A lawyer for a company that makes cryogenic tanks told jurors that a tank failure that ruined human reproductive tissue was caused by product misuse, not a manufacturing defect.
SAN FRANCISCO (CN) – On the first day of a federal jury trial over a freezer tank failure that destroyed thousands of frozen eggs and embryos, jurors heard dueling narratives about what caused the catastrophe that dashed some families’ only hope of having biological children.
“Irreplaceable” is the word attorney Dena Sharp used to describe the loss of reproductive tissue at a Pacific Fertility Center lab in San Francisco on March 4, 2018.
Sharp represents three women and one married couple who are suing Chart Inc., the company that manufactured the cryogenic tank. While the trial only involves five plaintiffs, it is a bellwether case that could establish Chart’s liability for the loss of eggs and embryos belonging to hundreds of other people.
“The tank had one job --- to keep those eggs and embryos cold and safe,” Sharp told the jury in her opening argument Monday. “But the tank failed.”
Sharp gave jurors a sneak peek of evidence her team plans to present throughout the trial, including expert testimony that the tank was made with the wrong type of weld that made it susceptible to cracking and failure. She also cited a 2012 internal Chart document that warned of a potential defect that could result in “implosion and total tank failure.”
Sharp argued that Chart used a weaker type of weld than was intended in the tank's design specifications. She argued that forensic evidence will show that weld caused a crack that leaked liquid nitrogen into the vessel's vacuum layer, eventually leading the tank to crumple and implode, destroying all 2,500 embryos and 1,500 eggs inside.
Chart denies that an improper weld caused the problem. The company insists human error and product misuse led the tank to implode. Chart attorney John Duffy said the implosion is what caused the weld to crack, not the other way around.
Duffy blamed the failure on incompetence at a Pacific Fertility Center clinic where the tank was maintained. He described how the facility’s lab director, Dr. Joseph Conaghan, improperly “unplugged” the freezer tank’s controller when he found it was giving inaccurate readings on liquid nitrogen levels on Feb. 15, 2018. He said the staff messed up by not immediately transferring frozen eggs to a backup tank, not trying hard enough to get a technician to service the defective controller and for muting 128 alerts about tank problems over 17 days.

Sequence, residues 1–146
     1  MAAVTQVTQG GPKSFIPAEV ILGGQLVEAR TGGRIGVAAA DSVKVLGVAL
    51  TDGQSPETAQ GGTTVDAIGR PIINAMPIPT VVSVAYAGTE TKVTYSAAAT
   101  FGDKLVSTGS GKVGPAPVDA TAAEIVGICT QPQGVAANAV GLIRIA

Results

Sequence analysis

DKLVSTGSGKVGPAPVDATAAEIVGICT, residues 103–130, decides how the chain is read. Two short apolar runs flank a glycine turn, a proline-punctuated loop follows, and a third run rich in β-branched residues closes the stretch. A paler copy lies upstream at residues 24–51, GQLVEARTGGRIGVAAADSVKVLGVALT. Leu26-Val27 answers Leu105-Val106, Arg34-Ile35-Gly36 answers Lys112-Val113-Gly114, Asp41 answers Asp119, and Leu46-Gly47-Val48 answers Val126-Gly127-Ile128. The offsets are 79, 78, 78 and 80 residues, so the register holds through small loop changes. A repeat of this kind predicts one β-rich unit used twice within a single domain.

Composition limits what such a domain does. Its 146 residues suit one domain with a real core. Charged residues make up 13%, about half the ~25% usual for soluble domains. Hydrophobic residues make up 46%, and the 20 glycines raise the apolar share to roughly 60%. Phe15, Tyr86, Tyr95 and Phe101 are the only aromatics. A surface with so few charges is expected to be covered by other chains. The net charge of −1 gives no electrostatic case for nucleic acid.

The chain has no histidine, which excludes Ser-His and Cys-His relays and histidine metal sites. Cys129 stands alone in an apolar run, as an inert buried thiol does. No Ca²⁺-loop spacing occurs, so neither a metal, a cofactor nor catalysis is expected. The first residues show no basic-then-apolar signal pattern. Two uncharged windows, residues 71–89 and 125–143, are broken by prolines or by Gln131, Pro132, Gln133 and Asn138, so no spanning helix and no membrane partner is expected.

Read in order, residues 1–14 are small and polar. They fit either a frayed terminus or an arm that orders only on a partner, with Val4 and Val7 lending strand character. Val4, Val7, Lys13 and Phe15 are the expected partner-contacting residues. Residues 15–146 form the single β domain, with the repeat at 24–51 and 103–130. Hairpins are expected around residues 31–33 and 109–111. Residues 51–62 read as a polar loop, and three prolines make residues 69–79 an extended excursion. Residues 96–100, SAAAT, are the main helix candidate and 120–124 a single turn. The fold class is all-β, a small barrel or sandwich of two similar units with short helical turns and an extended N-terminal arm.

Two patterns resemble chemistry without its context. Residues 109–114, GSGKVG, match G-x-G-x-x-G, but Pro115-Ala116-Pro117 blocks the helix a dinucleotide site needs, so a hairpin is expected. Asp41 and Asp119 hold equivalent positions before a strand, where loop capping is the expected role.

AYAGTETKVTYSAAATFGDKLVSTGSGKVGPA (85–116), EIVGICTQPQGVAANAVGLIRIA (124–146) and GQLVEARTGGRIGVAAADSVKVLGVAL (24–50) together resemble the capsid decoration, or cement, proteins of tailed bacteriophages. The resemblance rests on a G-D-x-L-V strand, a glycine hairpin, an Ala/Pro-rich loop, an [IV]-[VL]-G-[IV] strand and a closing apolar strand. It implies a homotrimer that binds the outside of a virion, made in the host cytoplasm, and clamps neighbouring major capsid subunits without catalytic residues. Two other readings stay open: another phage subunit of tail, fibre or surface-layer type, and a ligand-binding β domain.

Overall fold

“We will prove that [Pacific Fertility Center] misused our product, and you should consider that to be the sole cause [of the tank failure],” Duffy told jurors.
The fertility clinic and its owners were also sued for the loss of eggs and embryos, but those claims were sent to private arbitration. Prelude Fertility acquired Pacific Fertility in September 2017, and Prelude’s subsidiary Pacific MSO started running the San Francisco clinic before the tank failure occurred in March 2018.
Anand Kasbekar, a mechanical engineer hired by plaintiffs’ lawyers, was the first witness called to testify at trial Monday. He described multiple tests he conducted using helium, red dye, bubbles and other material to trace leaks and cracks to a welded area of the tank's interior layer. He also described “stress risers” present in the weld, which he compared to lines in a candy bar that make it easier to break off a piece of chocolate.
He also likened the tank’s use of a “partial penetration weld” instead of a “full penetration weld” to gluing the ends of your index fingers, instead of applying glue to both palms of your hands and slapping them together.
“If only my index fingers are glued and I have a force that wants to pull them apart from this direction, that’s going to pull them right apart,” Kasbekar said.
The metallurgist also reviewed design specifications for the tank and determined that a stronger weld was intended for the cryogenic container.
Additionally, Kasbekar cited a 2012 internal failure analysis document by Chart that warned about a potential problem that could cause cracks and lead to an implosion of the tank.
“It shows Chart’s engineers had foreseen these cracks occurring and the consequences of those occurring,” Kasbekar said. “It tells you if you have a crack here, you’re going to have an implosion and loss of vacuums, and that they know weld lines are of particular concern.”
Kasbekar wrapped up his initial testimony after about two hours. He is expected to face cross-examination by Chart’s attorneys on Tuesday.
Some women, including a plaintiff known only as S.M. in the originally filed complaint, paid as much as $10,000 out of pocket to retrieve, freeze and store eggs.
Chart recalled its cryogenic storage tanks on April 23, 2018, saying it needed to investigate a “vacuum leak and/or failure which may be due to inadequate adhesion of the composite neck to the aluminum unit.”
The plaintiffs' claims include product liability and failure to recall the tank’s allegedly defective controller device that measures liquid nitrogen levels and sends off alerts about tank problems.
The trial is expected to continue through June 10.
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